Smart Lighting Hospital Room at UNM HSC is ready for sleep studies based on calibrated lighting
March 22, 2016 - Excerpted from the Albuquerque Journal
A room at UNM Hospital in Albuquerque is set to become the site of studies that could have implications for a wide range of sleep disorders including those that affect the elderly, people with Alzheimer’s or Parkinson’s disease, post-operative patients and plain old night-owls, said Lee Brown, MD, professor of internal medicine and director of the UNM Hospitals Sleep Disorders Center.
UNM Health Sciences Center faculty and a research group with the UNM Department of Electrical and Computer Engineering have worked together to custom design and equip the room with a “smart lighting” system that can act like natural daylight, changing in its quality and intensity throughout the day.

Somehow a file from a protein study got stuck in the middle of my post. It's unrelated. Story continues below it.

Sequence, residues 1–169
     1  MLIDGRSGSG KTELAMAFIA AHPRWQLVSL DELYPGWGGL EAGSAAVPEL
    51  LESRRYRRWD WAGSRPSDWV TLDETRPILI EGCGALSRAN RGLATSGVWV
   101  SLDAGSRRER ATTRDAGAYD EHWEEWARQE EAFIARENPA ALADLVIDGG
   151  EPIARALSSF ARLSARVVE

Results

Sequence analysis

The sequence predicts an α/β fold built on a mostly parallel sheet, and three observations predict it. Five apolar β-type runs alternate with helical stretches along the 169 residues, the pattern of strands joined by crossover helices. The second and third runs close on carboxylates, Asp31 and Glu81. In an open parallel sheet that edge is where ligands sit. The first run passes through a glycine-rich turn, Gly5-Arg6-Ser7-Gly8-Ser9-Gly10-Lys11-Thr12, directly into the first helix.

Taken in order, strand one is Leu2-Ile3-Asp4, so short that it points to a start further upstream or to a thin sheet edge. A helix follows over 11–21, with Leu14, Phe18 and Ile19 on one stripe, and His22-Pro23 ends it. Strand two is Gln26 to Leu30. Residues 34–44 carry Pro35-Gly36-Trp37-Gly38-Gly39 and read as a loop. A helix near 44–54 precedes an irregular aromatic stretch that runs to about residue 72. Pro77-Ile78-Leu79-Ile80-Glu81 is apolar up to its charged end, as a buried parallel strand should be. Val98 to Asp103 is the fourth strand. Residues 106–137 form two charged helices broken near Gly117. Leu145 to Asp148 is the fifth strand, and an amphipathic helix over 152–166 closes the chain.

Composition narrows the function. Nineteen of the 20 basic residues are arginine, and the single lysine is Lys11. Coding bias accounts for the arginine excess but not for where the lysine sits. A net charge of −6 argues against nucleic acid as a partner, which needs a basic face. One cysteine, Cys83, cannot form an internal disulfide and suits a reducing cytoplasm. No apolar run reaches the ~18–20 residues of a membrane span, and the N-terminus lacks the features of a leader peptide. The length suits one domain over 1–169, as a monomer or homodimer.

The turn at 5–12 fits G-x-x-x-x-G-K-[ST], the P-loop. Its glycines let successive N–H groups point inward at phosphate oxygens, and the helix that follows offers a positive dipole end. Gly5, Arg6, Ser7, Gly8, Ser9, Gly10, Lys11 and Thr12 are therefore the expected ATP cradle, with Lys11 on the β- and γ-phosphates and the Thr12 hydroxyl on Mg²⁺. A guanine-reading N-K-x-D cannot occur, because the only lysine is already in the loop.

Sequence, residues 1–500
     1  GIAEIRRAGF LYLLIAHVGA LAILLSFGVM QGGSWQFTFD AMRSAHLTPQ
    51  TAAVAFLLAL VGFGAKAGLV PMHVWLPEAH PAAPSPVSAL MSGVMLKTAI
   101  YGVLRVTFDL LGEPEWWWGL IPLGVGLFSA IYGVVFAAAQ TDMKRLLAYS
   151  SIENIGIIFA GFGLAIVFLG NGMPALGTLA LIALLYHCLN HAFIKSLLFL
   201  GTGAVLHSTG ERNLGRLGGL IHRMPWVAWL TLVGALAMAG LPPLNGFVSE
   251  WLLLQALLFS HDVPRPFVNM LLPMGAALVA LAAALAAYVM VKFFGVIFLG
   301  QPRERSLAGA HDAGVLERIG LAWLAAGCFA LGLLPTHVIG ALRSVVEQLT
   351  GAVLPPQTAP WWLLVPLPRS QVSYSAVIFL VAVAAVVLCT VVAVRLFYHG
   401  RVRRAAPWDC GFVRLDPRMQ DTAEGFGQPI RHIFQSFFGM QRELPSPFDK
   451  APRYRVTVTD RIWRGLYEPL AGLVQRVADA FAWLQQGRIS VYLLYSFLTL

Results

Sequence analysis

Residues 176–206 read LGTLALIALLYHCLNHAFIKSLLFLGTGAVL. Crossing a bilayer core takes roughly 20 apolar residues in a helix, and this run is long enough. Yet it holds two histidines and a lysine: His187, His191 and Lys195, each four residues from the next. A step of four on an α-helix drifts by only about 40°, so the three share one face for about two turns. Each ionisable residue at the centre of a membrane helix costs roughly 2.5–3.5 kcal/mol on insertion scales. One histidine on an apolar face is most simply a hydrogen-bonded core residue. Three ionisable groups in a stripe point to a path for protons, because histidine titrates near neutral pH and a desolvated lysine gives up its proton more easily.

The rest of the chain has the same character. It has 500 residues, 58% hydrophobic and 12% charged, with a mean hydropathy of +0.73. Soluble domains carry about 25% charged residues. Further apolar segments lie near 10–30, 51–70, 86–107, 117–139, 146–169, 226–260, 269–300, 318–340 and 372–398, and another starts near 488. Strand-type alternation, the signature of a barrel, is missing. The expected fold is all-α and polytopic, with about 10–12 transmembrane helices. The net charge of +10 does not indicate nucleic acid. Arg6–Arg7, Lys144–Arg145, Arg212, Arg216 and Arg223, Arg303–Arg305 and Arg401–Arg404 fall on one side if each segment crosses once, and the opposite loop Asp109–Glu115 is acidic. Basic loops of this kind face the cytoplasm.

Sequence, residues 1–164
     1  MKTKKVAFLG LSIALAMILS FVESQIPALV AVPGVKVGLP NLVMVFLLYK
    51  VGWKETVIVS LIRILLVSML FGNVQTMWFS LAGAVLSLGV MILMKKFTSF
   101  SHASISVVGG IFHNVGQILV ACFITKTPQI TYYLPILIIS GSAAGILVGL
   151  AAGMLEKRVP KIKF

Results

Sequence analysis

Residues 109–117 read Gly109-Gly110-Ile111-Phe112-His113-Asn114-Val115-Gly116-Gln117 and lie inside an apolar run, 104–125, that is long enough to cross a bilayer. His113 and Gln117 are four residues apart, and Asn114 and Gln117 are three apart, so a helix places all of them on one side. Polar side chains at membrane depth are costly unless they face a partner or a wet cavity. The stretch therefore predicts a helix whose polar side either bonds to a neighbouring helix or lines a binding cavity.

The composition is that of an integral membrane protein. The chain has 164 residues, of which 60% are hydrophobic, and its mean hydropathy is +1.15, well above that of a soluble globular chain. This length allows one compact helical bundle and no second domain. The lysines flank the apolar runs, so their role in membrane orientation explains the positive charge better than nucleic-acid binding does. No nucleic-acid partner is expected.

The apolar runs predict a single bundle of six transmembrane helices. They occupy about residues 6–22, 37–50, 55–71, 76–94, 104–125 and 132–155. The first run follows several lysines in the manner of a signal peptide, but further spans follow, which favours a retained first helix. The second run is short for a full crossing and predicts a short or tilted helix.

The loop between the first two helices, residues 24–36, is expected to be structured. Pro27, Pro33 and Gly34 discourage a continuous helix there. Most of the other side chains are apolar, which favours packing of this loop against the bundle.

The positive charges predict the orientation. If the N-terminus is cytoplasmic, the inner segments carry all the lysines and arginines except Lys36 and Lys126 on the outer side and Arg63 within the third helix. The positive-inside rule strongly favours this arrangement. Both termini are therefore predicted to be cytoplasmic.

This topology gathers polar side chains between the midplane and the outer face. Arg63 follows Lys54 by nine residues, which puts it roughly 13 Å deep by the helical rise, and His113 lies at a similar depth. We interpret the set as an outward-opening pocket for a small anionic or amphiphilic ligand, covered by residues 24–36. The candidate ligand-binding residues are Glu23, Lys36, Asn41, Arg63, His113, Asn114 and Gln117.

Researchers at the University of New Mexico (UNM), Thomas Jefferson University in Philadelphia, Pa., and the Smart Lighting Research Center (ERC) at the Rensselaer Polytechnic Institute (RPI) in Troy, NY, are collaborating on the multi-year project. (The Smart Lighting ERC has since been rebranded as Lighting Enabled Systems and Applications [LESA].)
The concept of light as therapy for sleep disorders isn’t new, but most studies have been conducted exposing test subjects to a light encased in some form of box.
“They have people sitting in front of these things in a very artificial environment. This is a very much more natural environment,” said Professor Steve Brueck, UNM Distinguished Professor Emeritus of Electrical and Computer Engineering, who is the UNM lead for the Lighting Enabled Systems and Applications (LESA) project. To his knowledge, Brueck said, there have been no scientific studies using a room with a lighting system like the one at UNM Hospital.
“There isn’t one of these rooms in a clinical setting anywhere,” Brown said, “This is unique.”
The researchers are seeking $1.7 million in grant funding from the National Science Foundation which will enable them to do a pilot study with students – young people typically go to bed late and struggle to rise early – to see how exposure to the carefully calibrated light in the room can reset their biological clock.